This site is operated by a business or businesses owned by Informa PLC and all copyright resides with them. Informa PLC's registered office is 5 Howick Place, London SW1P 1WG. Registered in England and Wales. Number 8860726.
Siemens' New OpenScape
With Siemens' announcement today about the introduction of the new UC Server (blogged by Sheila here), and repositioning/rebranding of HiPath 8000 as OpenScape Voice, I hurried back to review the post I did about six weeks ago, to see if I could read, in reverse, the tea leaves that Mark Straton might have been offering up at the time. I headlined that post, "Is Siemens Conceding the Desktop?" I'm not sure today's announcement answers that question, but some of the hints that Mark dropped a few weeks ago seem relevant today.
With Siemens' announcement today about the introduction of the new UC Server (blogged by Sheila here), and repositioning/rebranding of HiPath 8000 as OpenScape Voice, I hurried back to review the post I did about six weeks ago, to see if I could read, in reverse, the tea leaves that Mark Straton might have been offering up at the time. I headlined that post, "Is Siemens Conceding the Desktop?" I'm not sure today's announcement answers that question, but some of the hints that Mark dropped a few weeks ago seem relevant today.Clearly, the OpenScape name comes front and center--everything's called OpenScape now--but the discrete UC product formerly known as OpenScape is being subsumed in the larger vision. Back in January, Mark said this:
We think more and more that OpenScape--we'll continue to market it because there's many environments where you have a multi-vendor environment or you're not a Microsoft or IBM customer. But if it's an IBM or Microsoft customer, the role of OpenScape will be more middleware, and the role of the HiPath 8000 will be the software-based enterprise class communications system.
Today's announcement puts more detail to that vision. The actual middleware is the newly-announced UC Server, which sits above a layer Siemens calls "Any Client, IP, IT, or Telephony Infrastructure," and below the OpenScape Applications layer--which encompasses OpenScape Voice (i.e., HiPath 8000), OpenScape UC (i.e., the old OpenScape), plus the new Video Application, as well as Siemens' messaging, mobility and contact center apps.
The UC Server provides services including SIP Session Control, Federated Presence, QOS Management, Session Detail Reporting, Administration and Licensing, and Availability Management.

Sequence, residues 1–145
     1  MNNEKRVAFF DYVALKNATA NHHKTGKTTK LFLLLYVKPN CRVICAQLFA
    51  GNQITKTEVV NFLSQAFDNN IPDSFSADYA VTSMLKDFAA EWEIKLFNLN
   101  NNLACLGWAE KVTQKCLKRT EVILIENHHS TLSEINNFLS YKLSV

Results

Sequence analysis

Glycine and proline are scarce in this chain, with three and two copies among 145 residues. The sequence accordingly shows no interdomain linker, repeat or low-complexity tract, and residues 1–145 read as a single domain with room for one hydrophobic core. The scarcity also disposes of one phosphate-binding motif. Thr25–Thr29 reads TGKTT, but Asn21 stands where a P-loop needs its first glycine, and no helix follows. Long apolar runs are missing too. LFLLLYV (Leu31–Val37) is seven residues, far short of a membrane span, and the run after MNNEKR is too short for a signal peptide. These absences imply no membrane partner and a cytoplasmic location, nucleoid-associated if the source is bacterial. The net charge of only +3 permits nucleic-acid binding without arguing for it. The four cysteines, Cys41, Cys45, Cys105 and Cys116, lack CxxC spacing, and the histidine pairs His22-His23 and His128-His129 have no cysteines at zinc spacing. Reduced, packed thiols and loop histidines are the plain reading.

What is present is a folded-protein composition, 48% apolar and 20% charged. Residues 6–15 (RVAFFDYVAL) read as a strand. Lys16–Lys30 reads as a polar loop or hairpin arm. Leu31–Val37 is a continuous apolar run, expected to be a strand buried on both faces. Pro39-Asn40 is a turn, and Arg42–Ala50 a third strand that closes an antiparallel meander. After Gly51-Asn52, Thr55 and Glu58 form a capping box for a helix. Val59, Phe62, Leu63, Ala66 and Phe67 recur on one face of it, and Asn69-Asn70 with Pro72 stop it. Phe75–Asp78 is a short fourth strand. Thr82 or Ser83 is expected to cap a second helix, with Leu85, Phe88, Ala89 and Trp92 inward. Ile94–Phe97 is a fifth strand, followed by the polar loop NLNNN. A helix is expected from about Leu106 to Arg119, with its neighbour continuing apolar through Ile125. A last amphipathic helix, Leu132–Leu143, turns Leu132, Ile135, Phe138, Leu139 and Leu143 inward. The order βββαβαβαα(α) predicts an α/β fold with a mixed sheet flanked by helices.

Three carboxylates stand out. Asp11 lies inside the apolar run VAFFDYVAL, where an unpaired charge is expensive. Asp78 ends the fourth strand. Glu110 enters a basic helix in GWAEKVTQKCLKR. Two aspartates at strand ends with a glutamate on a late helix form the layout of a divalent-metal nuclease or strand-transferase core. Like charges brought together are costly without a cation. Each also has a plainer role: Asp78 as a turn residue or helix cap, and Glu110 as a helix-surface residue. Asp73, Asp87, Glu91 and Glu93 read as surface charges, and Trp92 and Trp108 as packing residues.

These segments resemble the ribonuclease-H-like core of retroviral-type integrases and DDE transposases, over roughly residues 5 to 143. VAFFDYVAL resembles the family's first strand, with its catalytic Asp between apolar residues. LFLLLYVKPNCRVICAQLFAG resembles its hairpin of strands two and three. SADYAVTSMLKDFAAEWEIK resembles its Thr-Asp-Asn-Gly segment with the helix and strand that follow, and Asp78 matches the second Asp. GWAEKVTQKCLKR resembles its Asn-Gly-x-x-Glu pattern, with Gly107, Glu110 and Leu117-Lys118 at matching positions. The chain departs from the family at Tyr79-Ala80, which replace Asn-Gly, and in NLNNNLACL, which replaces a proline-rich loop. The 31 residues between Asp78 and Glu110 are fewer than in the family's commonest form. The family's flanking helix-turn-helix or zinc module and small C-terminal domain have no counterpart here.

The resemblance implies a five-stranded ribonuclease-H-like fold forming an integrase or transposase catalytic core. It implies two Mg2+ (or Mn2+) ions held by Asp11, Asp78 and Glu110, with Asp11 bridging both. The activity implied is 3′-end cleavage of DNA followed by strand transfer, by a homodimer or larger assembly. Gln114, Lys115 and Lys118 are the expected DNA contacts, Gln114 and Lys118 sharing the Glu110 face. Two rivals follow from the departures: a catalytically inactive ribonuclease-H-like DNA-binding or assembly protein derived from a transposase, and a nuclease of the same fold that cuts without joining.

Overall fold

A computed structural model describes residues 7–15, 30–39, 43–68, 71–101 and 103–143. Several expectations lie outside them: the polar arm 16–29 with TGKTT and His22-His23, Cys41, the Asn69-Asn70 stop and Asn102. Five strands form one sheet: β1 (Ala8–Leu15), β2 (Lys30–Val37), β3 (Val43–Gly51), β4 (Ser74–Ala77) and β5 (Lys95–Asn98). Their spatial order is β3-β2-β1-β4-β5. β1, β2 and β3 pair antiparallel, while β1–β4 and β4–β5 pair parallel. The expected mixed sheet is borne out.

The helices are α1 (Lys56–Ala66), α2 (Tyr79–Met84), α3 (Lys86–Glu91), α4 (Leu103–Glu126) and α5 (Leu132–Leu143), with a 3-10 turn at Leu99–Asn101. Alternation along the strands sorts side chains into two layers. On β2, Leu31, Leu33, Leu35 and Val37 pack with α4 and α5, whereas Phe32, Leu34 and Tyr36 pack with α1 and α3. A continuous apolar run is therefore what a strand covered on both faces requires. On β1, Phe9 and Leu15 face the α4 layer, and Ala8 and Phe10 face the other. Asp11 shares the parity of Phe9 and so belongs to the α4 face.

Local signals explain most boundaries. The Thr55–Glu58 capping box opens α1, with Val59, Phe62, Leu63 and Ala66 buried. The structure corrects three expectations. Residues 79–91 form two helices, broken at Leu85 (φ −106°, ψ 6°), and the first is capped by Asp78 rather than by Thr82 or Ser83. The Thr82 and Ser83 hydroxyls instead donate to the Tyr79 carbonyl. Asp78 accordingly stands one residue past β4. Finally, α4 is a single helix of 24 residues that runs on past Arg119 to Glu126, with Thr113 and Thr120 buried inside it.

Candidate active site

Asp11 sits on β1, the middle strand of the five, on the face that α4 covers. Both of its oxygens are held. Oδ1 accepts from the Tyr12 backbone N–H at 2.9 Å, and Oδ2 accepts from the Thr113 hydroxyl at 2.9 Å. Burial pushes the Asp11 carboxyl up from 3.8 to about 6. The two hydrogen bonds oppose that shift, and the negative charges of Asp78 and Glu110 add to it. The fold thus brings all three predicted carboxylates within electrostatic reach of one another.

This is a re-casting of the role of the basic telephony call control, and in many ways it's consistent with what we're seeing from a lot of the vendors. The original way of thinking was that the IP-PBX forms the infrastructure on top of which you layer UC services and integrations with business applications, possibly via a layer of middleware.
Siemens' vision still shows horizontal layers, but it's really comparable to what other vendors show as a sort of nuclear view of your communications infrastructure. In this vision, services and applications including voice, video, collaboration, etc., are depicted in a circle, orbiting around a nucleus or core which is made up of the middleware that ties all of these services to one another: Some vendors just label this "Presence," others, like Siemens, call it something like "Software" or "Middleware". But the general idea is that you have this core engine that provides the stuff I mentioned above--Session Control, Federation, Management, etc.--and then everything else either is an application or integrates into an application.
That's different and more complex than the simple "Infrastructure under Services" view that most people have had. The idea that these sevices will live on a "UC Server," rather than on the IP-PBX, may make more sense for the long term, but I wonder if Siemens may not be over-anticipating the market, much as they did with the original OpenScape, which pretty well nailed the UC concept--before there was a UC market (some would say there still isn't).
Siemens has been boasting about its success with HiPath 8000; the company says it took 143 orders for the product in December, compared with 45 the previous March. That's all the more remarkable when you consider that it represents customers making a big bet on a company with a famously unresolved future.
These customers clearly found the HiPath 8000 compelling. We'll see what they, and their cohort, think about the new vision.